The cardinal lies on his back, a crimson mountain; he flails his hands; he offers his bishopric of Winchester to anyone who can help him get back on his mule…There is much wordplay about bishoprics and bishop’s pricks, which might pass for witty if they were street-sweepers, but he thinks law students should do better. He rises from his place, displeased, and his household have no choice but to stand with him and walk out.
In Hilary Mantel’s Wolf Hall, Thomas Cromwell has relatively short shift with a bawdy Twelfth Night performance ridiculing Cardinal Wolsey. The sight of an on-stage cardinal ‘offering his harem of forty virgins to anyone who will help him mount…while a flaccid and serpentine member, knitted of red wool, flops out from under his robes’ is indeed probably not to most people’s taste, but I would like to bet that Cromwell – like most potential audiences – would find Living Spit’s The Six Wives of Henry VIII rather more enjoyable.
On topicality alone, it won many points. Just prior to going into the theatre, the first photos of Wills, Kate and the little bundle of happiness that was to become known as Prince George Alexander Louis were released into the world, assuring that the ghost of King Henry VIII was being thoroughly mocked both on stage and off this evening. Some people, like Kate who was probably born wearing nude LK Bennett court shoes, positively exude Good Taste. Even when it ‘didn’t matter anymore’ and the law had been changed to allow for a first born girl to ascend the throne on her own terms – not to mention that the power of the monarchy has, ahem, somewhat disintegrated since Tudor times – the planets are aligned thus that someone like Kate could not help but produce a first born, healthy baby boy. Tradition simply oozes from every orifice of her body.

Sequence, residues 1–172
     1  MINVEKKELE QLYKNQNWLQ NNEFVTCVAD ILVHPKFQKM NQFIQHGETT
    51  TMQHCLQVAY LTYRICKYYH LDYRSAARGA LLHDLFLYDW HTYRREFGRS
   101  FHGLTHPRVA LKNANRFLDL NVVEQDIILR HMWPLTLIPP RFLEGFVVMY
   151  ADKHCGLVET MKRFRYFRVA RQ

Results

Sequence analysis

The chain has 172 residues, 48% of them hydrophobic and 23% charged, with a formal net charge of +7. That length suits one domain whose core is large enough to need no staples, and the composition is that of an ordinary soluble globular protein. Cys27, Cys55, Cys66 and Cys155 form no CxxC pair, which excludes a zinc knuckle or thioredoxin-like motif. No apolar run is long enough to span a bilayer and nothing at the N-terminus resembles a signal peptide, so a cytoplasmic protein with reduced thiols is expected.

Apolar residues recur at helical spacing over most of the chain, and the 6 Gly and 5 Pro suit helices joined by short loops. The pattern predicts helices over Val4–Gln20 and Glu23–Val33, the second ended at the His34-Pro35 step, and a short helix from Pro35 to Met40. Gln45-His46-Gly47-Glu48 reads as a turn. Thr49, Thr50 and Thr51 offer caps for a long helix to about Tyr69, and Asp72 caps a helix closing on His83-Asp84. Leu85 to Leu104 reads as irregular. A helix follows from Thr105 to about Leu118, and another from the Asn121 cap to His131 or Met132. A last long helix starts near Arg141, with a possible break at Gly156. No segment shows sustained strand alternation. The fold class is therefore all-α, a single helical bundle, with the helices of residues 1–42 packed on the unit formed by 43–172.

Contrastingly, one of the fluids that memorably oozed from Henry’s body came from a large cyst on his thigh, which eventually lead to what is always depicted as a rather grimy death. Along with– and god bless my fellow scoliosis-sufferer – Richard III, Henry VIII has always been ripe for ridicule and Living Spit add to this catalogue of belly-prodding with an hilarious semi-musical comedy that darts through the school days rhyme of Divorced, Beheaded, Died; Divorced, Beheaded, Survived.
The performance fits the tiny space of the Brewery theatre well, not because they would be incapable of filling a larger auditorium, but because much of their repertoire takes its lead from televised comedy and so the little stage space becomes like its own version of how people –apparently- used to imagine the goings on inside a TV, with the mini people on screen really existing. The musical interludes are often the most entertaining parts, especially the Kraftwerk Anne of Cleves, inverting what is usually the case with most performances.
The pace of the performance only dragged during the ho-ho meta-level interjection of one of the actors –out of role – threatening to leave the stage. This is perhaps not a true criticism as the reason I wanted them to get on with acting was because they were doing it to such brilliantly funny effect.
And so, if you are feeling a little overwhelmed with pale-blue polka dot orbs this summer and feel betrayed by the so-called Republican Guardian’s round-the-clock coverage of said orb, then I suggest you head to Edinburgh and let Living Spit be your guilty Flight of the Concords pleasure.